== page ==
“At best, the evidence demonstrates that the members of the City Council terminated her when she was not at their meeting because it was personally or politically expedient to do so behind her back.”
That was simply not enough.
The case illustrates several key features of employment claims that require proof of motive:
- A credible bad reason for firing someone is not a violation of the law. The court’s description of the evidence places the city council in a somewhat poor light. They appear as obsessed with political “drama,” and terminating Mullendore “behind her back” is not a particularly courageous action. But the evidence strongly – indeed, decisively – demonstrated that political drama was the basis for Mullendore’s termination and that the timing arose from the desire not to confront Mullendore rather than from any animus towards the exercise of FMLA rights. The council does not look good in this case, but it did not act illegally.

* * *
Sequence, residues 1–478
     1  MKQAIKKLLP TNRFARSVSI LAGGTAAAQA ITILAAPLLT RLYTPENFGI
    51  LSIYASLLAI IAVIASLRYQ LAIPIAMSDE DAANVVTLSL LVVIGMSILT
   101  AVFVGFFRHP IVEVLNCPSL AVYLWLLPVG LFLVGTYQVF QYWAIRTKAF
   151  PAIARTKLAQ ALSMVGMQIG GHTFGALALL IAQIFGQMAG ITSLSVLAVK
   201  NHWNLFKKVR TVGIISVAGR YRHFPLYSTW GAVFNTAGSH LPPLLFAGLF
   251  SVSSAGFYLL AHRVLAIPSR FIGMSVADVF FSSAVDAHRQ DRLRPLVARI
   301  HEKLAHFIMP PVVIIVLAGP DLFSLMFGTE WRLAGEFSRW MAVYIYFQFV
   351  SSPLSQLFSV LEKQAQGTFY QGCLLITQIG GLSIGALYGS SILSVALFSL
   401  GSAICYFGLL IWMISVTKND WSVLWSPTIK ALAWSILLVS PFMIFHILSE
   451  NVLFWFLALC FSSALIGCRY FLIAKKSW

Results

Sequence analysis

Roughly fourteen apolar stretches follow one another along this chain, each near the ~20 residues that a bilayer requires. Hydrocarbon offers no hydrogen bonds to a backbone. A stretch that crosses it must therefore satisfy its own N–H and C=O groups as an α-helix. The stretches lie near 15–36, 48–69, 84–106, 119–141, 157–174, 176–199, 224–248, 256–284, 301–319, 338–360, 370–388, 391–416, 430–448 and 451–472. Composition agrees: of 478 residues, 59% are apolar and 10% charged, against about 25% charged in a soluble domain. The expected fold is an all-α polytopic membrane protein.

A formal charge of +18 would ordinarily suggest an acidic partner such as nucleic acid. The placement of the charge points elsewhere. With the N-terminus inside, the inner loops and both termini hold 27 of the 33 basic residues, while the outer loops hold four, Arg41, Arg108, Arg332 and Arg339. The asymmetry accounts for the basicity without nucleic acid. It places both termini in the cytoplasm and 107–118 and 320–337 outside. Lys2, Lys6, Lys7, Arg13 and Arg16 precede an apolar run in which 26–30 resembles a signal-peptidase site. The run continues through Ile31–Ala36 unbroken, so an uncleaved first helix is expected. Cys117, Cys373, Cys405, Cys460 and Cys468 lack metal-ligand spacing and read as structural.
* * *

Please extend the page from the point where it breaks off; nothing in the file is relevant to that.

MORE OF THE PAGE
- Suspicious timing is often not enough. Mullendore’s strongest point was probably that the firing occurred precisely while she was on a medical leave. She argued that this at least strongly suggested that the medical leave was the (illegal) motivation for her firing. But the city council was able to point to evidence that the termination was under consideration before the medical situation arose. This made the city’s version of events (a desire to terminate Mullendore behind her back) credible and merely suspicious timing was not enough to defeat summary judgment.
- Two grounds for summary judgment are often better than one. In the trial court, the city won the case for two separate reasons, both the failure to formally invoke FMLA rights and the lack of evidence of illegal motive. The Sixth Circuit did not agree with the first reason, finding that there was a dispute as to whether Mullendore had properly invoked the FMLA. But the second reason stood up to appellate review, and that one reason, the lack of motive, was sufficient to preserve the city’s victory in the case.